In the latest round of power auctions in India which received an overwhelming response with bids for more than 5GW, five out of six winning bids were from international renewable companies – Spain's Solarpack, Italy's Enel Green Power, Germany's IB Vogt, Canada’s AMP Energy, New York’s Eden Renewables and UK’s CDC-backed Ayana Renewables. India’s largest renewable energy developer, Renew Power (which is backed by Goldman Sachs, Abu Dhabi Investment Authority and Global Environment Fund), was the sixth winner.

Domestic Indian renewable energy companies have also reached a significant size and maturity and have built up extensive experience of developing and operating renewable energy assets, creating further opportunities for absorbing investments and driving growth.

Adani Green Energy has also recently won a tender by the Solar Energy Corporation of India (SECI) for up to 8GW of manufacturing-linked solar capacity. The tender involves 8GW of solar power linked to setting up 2GW of PV solar cell and module manufacturing capacity, with Adani Green Energy winning all the capacity.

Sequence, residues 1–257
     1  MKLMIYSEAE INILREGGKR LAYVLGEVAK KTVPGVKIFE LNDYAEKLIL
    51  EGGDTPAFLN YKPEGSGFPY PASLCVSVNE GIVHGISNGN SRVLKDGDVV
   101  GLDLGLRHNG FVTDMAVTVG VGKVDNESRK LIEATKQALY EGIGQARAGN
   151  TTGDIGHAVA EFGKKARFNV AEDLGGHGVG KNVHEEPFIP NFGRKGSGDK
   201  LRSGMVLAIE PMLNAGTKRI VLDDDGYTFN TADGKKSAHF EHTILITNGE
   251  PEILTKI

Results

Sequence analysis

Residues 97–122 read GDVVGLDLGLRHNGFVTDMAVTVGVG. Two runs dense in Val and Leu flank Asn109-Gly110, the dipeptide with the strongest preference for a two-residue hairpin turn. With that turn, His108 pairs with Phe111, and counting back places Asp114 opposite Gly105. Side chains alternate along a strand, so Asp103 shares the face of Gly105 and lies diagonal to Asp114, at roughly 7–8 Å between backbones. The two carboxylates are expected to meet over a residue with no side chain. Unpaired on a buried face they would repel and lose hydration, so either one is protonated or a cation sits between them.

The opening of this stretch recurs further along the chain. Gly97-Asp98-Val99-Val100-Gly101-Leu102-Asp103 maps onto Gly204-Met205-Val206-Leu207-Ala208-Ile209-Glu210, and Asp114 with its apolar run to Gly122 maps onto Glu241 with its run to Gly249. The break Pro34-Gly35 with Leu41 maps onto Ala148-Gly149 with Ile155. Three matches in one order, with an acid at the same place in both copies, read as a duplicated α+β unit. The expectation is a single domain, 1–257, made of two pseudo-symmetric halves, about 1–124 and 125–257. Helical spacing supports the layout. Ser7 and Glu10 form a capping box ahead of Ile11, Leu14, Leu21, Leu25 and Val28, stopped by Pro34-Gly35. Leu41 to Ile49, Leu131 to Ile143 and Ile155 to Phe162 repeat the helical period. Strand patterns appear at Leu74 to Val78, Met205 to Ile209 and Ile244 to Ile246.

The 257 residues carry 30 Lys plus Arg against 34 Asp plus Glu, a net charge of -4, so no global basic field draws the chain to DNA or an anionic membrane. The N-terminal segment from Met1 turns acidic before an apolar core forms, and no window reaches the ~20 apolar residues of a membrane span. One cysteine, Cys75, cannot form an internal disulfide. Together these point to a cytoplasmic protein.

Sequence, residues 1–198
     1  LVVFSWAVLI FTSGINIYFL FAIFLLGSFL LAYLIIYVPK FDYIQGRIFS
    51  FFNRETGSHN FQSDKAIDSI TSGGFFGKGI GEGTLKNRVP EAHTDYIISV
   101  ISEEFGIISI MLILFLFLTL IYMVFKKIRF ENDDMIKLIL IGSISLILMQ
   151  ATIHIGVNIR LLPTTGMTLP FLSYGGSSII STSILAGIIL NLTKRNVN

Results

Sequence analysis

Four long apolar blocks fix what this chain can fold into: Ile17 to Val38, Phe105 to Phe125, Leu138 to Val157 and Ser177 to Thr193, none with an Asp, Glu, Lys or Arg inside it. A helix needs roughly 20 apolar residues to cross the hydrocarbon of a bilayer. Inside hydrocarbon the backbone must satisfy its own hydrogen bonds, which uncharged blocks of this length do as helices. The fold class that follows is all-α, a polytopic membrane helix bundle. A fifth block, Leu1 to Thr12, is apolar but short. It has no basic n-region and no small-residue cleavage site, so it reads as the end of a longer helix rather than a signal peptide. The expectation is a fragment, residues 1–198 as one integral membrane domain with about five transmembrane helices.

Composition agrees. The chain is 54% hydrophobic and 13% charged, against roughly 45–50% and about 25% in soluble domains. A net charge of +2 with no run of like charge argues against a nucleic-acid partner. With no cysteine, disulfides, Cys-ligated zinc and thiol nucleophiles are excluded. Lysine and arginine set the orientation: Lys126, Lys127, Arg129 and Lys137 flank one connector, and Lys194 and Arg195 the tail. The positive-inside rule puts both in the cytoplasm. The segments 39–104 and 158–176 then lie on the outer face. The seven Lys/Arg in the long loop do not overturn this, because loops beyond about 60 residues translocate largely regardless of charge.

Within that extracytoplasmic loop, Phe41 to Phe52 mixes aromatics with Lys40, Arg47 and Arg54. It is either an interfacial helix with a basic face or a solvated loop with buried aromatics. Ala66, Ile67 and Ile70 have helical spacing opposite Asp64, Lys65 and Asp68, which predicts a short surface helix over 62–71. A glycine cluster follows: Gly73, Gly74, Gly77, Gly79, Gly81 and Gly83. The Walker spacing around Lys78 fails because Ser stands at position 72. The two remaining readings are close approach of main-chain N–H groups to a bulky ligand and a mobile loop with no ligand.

Debt piece

There have been bond issues from domestic and international investors over the years. Innovative green bonds and masala bonds together with ‘vanilla’ debt facilities have been important debt instruments that are expected to continue. Debt issuances from ReNew Power, Azure Power and others have also attracted significant interest from international investors.

Infrastructure debt funds are playing an active role in refinancing operating renewable energy projects. This opportunity is likely to grow further.

Indian ECB market